limit switch then stops the pump motor. On power failure, an emergency
hydraulic or other type operator closes the valve slowly. The time of
valve closure is of utmost importance. Valves should be half closed
when the velocity in the force main has dropped to zero. The time
required to reach zero veloci.ty can be calculated with the following

t = LV/gHav

t = time in seconds
L = length of force main in feet
V = velocity of fluid in pipeline in fps
Hav = average decelerating head including pipe friction
in feet, and
g = acceleration due to gravity = 32.2 feet/sec2

The types of valve operators most often utilized are hydraulic,

electric, and pneumatic. Valves and operators specified for use will
be fully adjustable for closure times ranging from t to 4t minimum. In
some large pumping stations, the use of automatically controlled valves
alone will not be sufficient. Extremely long force mains (over 1 mile)
may require very long valve closing times and thus result in excessive
backflow to the wet well and reverse rotation of the pump and motor.
To solve these problems, a pump bypass with surge relief valve will
generally be required. Valves used for surge relief will be
automatically controlled cone or butterfly valves, similar to the pump
discharge valves. Normal operation upon pump shutdown where excessive
backflow conditions exist will require the pump discharge valve to be
fully closed when the velocity has dropped to zero. The surge relief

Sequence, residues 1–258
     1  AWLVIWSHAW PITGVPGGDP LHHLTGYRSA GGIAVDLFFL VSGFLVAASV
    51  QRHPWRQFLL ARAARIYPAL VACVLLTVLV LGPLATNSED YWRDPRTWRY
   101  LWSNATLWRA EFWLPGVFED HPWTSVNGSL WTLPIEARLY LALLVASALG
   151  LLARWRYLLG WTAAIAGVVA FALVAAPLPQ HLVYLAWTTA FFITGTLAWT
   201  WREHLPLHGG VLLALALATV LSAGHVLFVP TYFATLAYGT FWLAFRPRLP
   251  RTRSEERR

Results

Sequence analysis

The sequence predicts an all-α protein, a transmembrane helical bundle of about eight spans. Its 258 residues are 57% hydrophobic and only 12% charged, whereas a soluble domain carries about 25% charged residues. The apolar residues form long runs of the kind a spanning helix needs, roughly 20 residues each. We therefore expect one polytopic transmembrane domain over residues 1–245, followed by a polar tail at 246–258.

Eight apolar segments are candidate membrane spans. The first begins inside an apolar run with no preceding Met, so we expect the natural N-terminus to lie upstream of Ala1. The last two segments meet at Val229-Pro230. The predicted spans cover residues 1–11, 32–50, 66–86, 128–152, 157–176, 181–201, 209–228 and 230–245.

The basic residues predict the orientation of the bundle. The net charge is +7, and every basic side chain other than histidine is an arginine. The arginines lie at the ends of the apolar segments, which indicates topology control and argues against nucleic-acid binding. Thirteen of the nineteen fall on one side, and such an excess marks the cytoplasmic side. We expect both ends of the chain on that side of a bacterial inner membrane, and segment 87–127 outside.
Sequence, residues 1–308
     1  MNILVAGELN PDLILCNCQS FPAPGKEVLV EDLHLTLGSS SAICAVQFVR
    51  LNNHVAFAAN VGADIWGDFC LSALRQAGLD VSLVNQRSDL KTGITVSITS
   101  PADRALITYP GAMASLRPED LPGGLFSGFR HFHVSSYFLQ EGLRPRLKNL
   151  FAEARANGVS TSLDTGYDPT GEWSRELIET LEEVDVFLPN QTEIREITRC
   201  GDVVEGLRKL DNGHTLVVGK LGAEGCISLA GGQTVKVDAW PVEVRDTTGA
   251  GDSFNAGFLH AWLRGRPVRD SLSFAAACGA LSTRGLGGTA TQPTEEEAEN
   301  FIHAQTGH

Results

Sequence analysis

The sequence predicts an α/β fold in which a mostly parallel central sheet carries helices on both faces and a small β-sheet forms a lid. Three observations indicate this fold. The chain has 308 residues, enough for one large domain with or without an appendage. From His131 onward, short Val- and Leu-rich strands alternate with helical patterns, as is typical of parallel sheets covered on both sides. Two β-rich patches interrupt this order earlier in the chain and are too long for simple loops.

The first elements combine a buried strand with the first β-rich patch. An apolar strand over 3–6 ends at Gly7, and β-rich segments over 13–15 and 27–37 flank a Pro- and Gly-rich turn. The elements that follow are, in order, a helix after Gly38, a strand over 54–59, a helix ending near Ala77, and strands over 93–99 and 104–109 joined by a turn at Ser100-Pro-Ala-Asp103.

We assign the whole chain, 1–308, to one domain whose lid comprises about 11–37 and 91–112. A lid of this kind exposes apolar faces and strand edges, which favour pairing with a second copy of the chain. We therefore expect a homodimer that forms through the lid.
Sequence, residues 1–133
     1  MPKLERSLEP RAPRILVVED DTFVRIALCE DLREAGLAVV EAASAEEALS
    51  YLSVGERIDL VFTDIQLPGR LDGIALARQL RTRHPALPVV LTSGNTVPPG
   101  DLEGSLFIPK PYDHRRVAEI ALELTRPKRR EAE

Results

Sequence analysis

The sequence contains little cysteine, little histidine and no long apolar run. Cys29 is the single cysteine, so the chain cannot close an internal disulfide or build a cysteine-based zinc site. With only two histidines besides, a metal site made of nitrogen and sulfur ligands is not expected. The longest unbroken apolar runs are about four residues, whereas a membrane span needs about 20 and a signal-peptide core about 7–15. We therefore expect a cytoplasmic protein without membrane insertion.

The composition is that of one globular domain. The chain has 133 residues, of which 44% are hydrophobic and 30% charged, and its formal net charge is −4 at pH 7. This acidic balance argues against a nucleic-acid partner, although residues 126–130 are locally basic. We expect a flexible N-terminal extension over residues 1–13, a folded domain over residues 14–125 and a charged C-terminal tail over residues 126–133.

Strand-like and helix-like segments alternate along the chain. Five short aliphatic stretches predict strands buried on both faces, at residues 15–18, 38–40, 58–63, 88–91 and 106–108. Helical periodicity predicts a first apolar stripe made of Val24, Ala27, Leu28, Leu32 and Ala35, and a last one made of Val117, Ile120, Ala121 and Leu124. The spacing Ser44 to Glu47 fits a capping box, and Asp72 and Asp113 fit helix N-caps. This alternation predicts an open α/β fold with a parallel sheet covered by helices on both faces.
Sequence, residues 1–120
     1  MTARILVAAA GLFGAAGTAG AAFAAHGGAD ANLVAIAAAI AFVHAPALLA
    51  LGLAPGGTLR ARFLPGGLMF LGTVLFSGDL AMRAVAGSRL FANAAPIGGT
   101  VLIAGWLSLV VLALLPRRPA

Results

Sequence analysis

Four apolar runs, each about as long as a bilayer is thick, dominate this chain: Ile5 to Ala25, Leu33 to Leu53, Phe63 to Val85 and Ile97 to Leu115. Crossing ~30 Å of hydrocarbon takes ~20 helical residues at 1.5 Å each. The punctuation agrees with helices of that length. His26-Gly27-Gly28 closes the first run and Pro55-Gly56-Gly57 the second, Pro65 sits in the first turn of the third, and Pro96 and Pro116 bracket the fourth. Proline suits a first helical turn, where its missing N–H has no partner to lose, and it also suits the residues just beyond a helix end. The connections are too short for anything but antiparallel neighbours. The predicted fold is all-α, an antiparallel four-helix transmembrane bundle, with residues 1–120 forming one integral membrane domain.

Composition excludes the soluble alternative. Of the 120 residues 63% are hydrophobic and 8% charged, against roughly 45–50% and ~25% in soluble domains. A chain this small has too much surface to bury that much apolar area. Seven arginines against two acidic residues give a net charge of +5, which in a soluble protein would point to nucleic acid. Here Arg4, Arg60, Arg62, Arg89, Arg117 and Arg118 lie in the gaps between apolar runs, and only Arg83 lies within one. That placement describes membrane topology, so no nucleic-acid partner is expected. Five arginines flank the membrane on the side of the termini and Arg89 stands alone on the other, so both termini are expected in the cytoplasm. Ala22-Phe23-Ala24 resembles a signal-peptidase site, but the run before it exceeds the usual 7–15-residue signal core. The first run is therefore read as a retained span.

valve will be fully open allowing backflow to enter the wet well at a

EM 1110-3-173
9 Apr 84



reduced rate. As before, the relief valve must close slowly to avoid
water hammer. Most cases involving large pumping stations with long
force mains, which contain several intermediate high points, will be
too complex to solve by hand using conventional methods such as
graphical solutions, arithmetic integration, or water hammer charts.
Many computer programs are now available for water hammer analysis and
are recommended for use in those instances.

EM 1110-3-173
9 Apr 84



6-1. Pipe materials, fittings, and joints.

a. General. The major factors to be considered in the selection of

pipe materials and piping systems for mobilization:

- Availability of pipe in required sizes, strengths, etc.

- Availability of fittings, connections, and adapters.

- Ease of handling and installation.

- Physical strength and pressure ratings.

- Flow characteristics or friction coefficient.

- Joint watertightness.

- Resistance to acids, alkalis, high temperature or corrosive

wastes and corrosive soils.

b. Ductile iron. Ductile iron (D.I.) pipe is suitable for force

mains used at pumping stations and wastewater treatment facilities.
Special uses include river crossings, pipe located in unstable soils,
highwar and rail crossings, and pipe installed above ground. D.I. pipe
is susceptible to corrosion from acid wastes and aggressive soils.
Cement linings, bituminous coatings, or polyethylene linings are
usually provided for interior protection. Exterior bituminous coatings